Biomarkers May ID Newborns at Risk for Death and Brain Injury after Heart Surgery
In newborns undergoing cardiac surgery, diagnosing early brain injury is important for timely intervention. However, it is difficult to evaluate sedated, mechanically ventilated infants. according to Barbara Weissman, MD, associate professor of pediatrics at Emory University School of Medicine and a pediatric neurologist at Emory-Children’s Center, and colleagues set out to determine whether using a blood test would be a more efficient and accurate method of evaluating newborns undergoing cardiac surgery.
This single-center study evaluated the sensitivity, specificity, and clinical utility of using a blood test to evaluate newborns. The study included 10 neonates undergoing cardiac surgery using cardiopulmonary bypass, with researchers performing preoperative and postoperative brain MRIs, maternal and patient blood samples for biomarkers S-100B (a calcium-binding protein) and NSE (neuron-specific enolase, commonly used as a tumor marker). Neurodevelopmental testing was conducted between the ages of 6 and 10 months.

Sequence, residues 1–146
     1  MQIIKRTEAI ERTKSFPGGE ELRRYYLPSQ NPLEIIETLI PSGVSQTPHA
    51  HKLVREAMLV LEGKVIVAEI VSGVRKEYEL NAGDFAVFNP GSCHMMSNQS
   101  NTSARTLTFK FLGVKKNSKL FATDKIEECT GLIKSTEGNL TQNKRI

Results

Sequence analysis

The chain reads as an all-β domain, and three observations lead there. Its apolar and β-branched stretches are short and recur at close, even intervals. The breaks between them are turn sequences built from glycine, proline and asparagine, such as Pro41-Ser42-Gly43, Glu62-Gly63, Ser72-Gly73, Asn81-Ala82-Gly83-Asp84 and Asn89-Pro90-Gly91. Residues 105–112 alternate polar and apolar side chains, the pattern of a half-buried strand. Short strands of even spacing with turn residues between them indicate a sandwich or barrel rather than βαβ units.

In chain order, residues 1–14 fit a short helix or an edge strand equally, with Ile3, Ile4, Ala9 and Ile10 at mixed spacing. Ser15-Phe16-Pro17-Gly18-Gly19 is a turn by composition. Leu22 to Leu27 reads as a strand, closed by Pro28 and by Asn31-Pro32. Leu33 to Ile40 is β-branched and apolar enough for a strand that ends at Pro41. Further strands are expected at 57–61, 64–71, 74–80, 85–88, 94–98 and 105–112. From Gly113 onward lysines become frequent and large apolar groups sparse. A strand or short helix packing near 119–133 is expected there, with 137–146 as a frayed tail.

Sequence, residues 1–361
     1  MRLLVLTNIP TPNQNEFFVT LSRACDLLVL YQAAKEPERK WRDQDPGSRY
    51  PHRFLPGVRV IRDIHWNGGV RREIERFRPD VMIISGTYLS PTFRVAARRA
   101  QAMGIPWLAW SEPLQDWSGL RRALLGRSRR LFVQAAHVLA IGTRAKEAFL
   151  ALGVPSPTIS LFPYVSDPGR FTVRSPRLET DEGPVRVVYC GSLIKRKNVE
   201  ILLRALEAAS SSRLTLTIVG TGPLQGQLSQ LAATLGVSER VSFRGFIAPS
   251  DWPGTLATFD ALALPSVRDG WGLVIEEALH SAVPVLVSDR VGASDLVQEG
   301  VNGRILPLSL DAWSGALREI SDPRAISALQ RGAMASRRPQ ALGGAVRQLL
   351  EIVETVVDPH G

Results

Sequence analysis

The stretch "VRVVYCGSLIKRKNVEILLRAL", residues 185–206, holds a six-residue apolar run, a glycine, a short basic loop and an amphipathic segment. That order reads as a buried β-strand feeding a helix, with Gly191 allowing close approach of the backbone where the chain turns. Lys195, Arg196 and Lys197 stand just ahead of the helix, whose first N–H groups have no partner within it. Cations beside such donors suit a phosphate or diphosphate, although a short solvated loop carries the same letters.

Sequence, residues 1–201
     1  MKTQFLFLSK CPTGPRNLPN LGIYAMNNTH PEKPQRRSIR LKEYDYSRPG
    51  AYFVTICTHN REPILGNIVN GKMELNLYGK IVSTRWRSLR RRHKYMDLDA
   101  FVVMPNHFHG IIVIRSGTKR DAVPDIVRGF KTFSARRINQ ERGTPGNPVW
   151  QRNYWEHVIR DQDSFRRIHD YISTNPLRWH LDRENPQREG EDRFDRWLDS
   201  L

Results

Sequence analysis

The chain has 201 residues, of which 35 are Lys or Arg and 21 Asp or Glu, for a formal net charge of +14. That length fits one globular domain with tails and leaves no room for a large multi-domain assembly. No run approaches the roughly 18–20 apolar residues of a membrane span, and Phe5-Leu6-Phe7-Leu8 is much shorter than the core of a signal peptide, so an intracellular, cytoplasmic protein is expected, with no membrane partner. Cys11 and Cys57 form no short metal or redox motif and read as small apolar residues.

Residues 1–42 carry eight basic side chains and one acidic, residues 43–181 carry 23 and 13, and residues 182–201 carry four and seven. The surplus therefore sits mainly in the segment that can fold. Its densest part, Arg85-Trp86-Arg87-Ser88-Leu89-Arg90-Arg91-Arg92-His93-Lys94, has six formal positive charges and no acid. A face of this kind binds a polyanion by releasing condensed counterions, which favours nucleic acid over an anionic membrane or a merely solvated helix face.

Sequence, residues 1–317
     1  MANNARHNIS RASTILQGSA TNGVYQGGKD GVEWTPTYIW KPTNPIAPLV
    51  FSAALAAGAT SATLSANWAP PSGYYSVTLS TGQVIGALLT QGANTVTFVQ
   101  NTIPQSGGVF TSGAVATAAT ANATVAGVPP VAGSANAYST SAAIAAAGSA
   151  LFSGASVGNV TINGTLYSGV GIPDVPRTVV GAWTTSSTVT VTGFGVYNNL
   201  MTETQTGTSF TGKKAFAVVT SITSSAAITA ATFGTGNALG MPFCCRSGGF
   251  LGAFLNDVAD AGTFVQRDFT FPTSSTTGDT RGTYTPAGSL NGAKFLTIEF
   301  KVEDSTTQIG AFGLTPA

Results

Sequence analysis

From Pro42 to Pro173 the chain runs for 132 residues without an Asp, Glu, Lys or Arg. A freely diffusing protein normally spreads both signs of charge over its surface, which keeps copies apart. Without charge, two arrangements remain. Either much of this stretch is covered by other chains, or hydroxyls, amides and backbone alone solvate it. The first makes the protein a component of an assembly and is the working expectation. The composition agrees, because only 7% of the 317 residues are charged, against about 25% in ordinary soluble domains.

According to the results, both S-100B and NSE were useful in identifying newborns at risk for death and abnormal neurodevelopmental outcomes after surgery. Preoperative S-100B also predicted abnormal preoperative brain MRI.
Dr. Weissman said “It is interesting that S-100B and NSE seem to be helpful predictors of brain injury risk. The results of this study certainly justify further research and long-term follow-up of this at-risk population."
Clinical Topics: Cardiac Surgery, Congenital Heart Disease and Pediatric Cardiology, Invasive Cardiovascular Angiography and Intervention, Cardiac Surgery and CHD and Pediatrics, CHD and Pediatrics and Interventions, CHD and Pediatrics and Quality Improvement
Keywords: Infant, Newborn, Follow-Up Studies, Biological Markers, Brain Injuries, Sensitivity and Specificity, Cardiopulmonary Bypass, Cardiac Surgical Procedures
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